How is the notion of social stratification is used in "The Revolt of 'Mother'?"
Although social stratification usually refers to the rich and the poor, in “The Revolt of ‘Mother’” it refers to the difference in the rights of men and women.
When Sarah Penn realizes that her husband has planned to build himself a bigger barn instead of the better house he promised her, she explains to her daughter Nanny that she needs to get used to being lesser than men.
“…One of these days you'll find it out, an' then you'll know that we know only what men-folks think we do, so far as any use of it goes, an' how we'd ought to reckon men-folks in with Providence, an' not complain of what they do …”
She tells her daughter this in frustration, slamming things around and shoving her aside. She is clearly irritated with her lower status. Even her son realizes this, because when they ask him how long he has known about plans to build the barn he says he’s known for three months. They ask why he didn’t tell them.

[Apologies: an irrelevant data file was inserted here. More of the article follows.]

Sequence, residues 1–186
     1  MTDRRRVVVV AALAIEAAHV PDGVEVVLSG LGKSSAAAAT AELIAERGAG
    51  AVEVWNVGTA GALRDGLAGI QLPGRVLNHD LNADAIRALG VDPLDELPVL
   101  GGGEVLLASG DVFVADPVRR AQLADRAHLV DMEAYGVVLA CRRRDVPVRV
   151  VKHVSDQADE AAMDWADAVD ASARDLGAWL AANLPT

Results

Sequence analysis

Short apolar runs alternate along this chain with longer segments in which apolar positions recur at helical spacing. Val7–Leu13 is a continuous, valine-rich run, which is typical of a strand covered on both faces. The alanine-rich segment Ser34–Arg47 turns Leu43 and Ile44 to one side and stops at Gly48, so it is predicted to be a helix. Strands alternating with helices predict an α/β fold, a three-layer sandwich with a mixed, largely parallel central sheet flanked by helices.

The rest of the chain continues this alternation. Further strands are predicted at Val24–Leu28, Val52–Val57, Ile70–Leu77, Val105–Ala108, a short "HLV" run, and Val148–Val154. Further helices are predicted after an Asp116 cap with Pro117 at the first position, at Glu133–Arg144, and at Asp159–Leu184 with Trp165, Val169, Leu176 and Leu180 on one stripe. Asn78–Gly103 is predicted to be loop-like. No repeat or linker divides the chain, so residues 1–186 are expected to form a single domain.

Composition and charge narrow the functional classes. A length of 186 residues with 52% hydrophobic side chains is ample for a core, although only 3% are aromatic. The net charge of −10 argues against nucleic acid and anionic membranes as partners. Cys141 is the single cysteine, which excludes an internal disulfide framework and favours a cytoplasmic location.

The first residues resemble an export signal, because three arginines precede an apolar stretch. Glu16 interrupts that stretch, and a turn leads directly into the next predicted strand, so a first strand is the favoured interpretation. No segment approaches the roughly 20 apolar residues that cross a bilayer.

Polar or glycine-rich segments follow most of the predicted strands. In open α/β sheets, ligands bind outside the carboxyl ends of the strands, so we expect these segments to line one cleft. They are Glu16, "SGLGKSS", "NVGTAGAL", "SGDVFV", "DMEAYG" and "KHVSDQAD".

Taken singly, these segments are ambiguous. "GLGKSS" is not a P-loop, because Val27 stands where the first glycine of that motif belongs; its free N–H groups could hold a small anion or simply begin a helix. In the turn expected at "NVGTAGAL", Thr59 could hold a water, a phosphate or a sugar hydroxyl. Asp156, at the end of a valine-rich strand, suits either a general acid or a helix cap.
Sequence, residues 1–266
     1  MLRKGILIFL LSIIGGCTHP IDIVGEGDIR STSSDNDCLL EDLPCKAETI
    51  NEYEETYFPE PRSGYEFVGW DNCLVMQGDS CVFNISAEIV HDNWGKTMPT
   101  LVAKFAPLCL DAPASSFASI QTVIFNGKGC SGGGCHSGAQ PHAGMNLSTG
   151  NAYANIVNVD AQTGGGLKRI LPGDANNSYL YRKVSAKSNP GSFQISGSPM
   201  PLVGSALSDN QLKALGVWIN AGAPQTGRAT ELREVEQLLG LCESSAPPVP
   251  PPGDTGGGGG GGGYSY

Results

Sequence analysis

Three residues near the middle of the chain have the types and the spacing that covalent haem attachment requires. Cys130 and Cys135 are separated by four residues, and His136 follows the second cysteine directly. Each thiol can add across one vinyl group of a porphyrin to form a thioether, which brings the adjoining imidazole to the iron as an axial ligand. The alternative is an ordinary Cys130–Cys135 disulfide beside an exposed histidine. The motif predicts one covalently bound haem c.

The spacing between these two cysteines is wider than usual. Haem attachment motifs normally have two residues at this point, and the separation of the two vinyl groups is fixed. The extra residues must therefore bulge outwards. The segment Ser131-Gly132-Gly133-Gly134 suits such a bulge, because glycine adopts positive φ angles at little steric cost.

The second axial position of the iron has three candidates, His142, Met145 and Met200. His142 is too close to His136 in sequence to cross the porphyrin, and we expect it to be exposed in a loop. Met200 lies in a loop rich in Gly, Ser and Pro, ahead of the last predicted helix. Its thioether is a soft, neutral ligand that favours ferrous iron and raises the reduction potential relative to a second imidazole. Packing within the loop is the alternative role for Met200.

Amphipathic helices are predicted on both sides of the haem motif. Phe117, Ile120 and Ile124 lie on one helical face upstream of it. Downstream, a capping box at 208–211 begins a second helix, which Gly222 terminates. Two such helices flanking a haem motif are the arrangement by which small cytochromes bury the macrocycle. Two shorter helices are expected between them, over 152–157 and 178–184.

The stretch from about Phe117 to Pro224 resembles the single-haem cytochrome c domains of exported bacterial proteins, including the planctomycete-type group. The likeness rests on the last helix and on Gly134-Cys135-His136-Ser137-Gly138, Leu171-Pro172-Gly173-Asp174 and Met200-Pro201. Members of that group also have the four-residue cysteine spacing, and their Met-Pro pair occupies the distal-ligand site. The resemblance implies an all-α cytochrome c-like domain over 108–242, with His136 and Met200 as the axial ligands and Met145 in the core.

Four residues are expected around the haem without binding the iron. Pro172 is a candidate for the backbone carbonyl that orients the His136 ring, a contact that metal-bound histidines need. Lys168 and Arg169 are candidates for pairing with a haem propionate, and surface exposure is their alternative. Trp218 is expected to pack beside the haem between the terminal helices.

“Didn't think 'twould do no good.”
The boy is young enough to still sympathize with his mother, but he also recognizes the futility of her argument. He will do what he will do.
When her husband does not relent, Mother decides to do something. Visiting the new barn, she realizes that it would make a nicer house than she has now. So she moves in. In doing so, she takes her power back—defying her social stratification and demonstrating to the men that she is not as subservient as they want her to be.